I kicked things off this week with some fun – painting cabinets with Sarah at Thrifty Decor Chick! If you’re like me, you’ve been following her kitchen transformation (here, here and here are just a few recent updates), and the cabinets are part of the final stretch of projects. Sarah and I had chatted about her cabinets, and I offered up my services since she doesn’t live far from me. I was thrilled when she took me up on the offer, and it was so much fun to see her beautiful home in person after seeing it through her blog all these years. It was every bit as beautiful and welcoming as it appears online.
What made this trip even more fun is that I didn’t have to do the prep work like I usually do! Sarah took all of the doors and drawer fronts off, cleaned them and gave them a light sanding, so when I got there, all I had to do was set up and paint! I wish I had someone to do that for me all the time – what a luxury. 🙂
I brought some of my favorite tools, and we got to work and made some serious headway in just one day. Both sides of the cabinets primed!
I saw some of the comments and questions people were asking Sarah about the process, and thought I’d chime in as well since I’ve started painting cabinets as a business, and I learn something new with every job that I’ve done. This post contains some affiliate links to products I have used and rely upon regularly.
Did you sand before you primed?
I know there are a lot of tutorials out there that tout sanding-free prep, but I’m old school when it comes to painting, and when it comes down to it, your paint job is only as good as your prep. I clean my cabinets with Krud Kutter Gloss-Off, and sand them before I prime. You don’t have to go crazy with the sanding, but I recommend sanding. If you’re going to go through all of the time and effort of painting your cabinets, why risk it? Sometimes when I sand, I find areas that I thought were clean, but weren’t. And if the cabinets aren’t clean, they won’t take primer and paint.
The nice thing about the Krud Kutter is that it gives you a head start on the sanding, by taking some of the gloss off the cabinets for you.
What kind of primer did you use?
I have used different primers depending upon the job, but my latest favorite is Sealgrip by Porter Paints. It dries quickly, sands beautifully and has great adhesion.
Did you spray or brush the cabinets?
We sprayed them. I have invested in a turbine hvlp paint sprayer, but when I first tackled my kitchen, I did it without most of the equipment that I have now. I used this hvlp conversion gun that hooked up to my air compressor:
Don’t be intimidated. It’s not that scary, I promise. My kitchen was the first one I ever did, and it turned out beautifully, and still looks great today.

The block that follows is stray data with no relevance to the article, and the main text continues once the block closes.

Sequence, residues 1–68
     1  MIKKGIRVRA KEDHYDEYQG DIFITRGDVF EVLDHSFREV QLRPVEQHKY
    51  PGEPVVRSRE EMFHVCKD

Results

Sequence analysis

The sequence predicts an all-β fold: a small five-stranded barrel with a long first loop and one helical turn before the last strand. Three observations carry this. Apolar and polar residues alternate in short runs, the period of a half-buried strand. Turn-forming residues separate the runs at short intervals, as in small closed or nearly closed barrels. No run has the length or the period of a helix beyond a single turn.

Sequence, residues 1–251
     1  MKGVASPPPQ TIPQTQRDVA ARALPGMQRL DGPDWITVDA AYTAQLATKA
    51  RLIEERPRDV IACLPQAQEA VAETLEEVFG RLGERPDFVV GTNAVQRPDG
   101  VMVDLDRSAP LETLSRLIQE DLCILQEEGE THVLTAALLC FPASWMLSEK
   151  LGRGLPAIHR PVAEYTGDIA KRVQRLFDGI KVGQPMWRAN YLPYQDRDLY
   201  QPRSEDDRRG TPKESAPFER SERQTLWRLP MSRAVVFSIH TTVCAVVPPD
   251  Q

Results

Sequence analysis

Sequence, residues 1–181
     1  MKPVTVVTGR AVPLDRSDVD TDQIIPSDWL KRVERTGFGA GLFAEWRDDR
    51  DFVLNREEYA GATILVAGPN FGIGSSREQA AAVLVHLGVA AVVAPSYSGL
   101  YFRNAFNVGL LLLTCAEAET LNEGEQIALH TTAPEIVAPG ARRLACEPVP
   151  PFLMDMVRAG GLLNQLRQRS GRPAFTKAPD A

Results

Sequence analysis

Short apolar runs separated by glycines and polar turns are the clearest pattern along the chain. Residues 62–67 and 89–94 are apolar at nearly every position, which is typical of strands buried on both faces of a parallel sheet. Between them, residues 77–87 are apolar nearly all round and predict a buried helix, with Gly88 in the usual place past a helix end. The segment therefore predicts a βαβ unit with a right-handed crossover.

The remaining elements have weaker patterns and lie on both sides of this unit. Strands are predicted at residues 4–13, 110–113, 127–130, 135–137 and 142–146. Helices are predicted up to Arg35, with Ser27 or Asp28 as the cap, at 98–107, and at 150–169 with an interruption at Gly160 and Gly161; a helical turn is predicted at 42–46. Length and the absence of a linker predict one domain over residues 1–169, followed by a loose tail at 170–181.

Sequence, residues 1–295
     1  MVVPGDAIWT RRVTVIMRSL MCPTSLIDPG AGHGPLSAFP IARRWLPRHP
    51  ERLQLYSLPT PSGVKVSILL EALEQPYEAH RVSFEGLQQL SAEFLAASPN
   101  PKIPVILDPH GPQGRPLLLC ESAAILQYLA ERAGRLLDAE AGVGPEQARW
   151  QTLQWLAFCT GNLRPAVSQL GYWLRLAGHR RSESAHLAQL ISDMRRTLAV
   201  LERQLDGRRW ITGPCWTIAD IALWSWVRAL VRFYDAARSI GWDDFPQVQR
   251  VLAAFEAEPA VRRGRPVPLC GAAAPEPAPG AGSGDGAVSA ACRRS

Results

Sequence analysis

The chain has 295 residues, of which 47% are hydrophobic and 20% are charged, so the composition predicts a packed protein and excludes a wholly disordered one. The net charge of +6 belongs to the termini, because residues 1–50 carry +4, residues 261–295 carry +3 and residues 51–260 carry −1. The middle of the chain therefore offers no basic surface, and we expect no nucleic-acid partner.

There are other options out there as well, that give you a great professional finish. You can opt for something like this Wagner Spray Max system if you don’t have an air compressor.
Will you spray the cabinet frames?
You can, but you don’t have to. In many of the jobs I’ve done, I’ve hand painted the frames, and it’s turned out beautifully. I spray the frames if it’s a large kitchen (like this one) with a lot of detailed woodwork – it just makes the job easier.
But in most cases, you can paint the frames by hand. Just invest in some good brushes and rollers. I use mohair rollers for painting the larger surfaces – it gives your a great finish, and you can’t even tell that it wasn’t sprayed.
Picasso makes some of my favorite paint brushes, minimizing brush marks during the process.
I also love Fox paint brushes. I learned about them after reading about them on a site called Traditional Painter, where master painters based in the UK hand paint cabinets. It’s amazing, true artists. I have more than my fair share of these brushes, but I love them.
What kind of paint are you going to use?
I know there are a lot of tutorials out there for painting cabinets, but my tried and true favorite cabinet paint is Benjamin Moore’s Advance paint. It levels out beautifully, has gorgeous sheen (I like the satin finish), and cleans up with soap and water.
Tell me about that drying rack!
This magnificent invention is called an Erecta Rack – a brilliant stacking system/drying rack that maximizes space and makes the painting process more efficient since you have everything in one place.
It’s the difference between this:
The great thing about about painting cabinets, is that no matter what size your kitchen is, the process remains the same. It’s all a matter of scale.
If you’re looking to paint your cabinets, here are some of my most popular cabinet painting posts – it’s not difficult, it just requires time and attention to detail. How to Paint Your Cabinets Like a Professional –
Are you painting oak cabinets?
Like all of you, I’m excited to see how Sarah’s kitchen comes together, and thankful that I had a tiny hand in the process.
Thanks for having me Sarah – you have my number if you have any pressing painting questions. 😉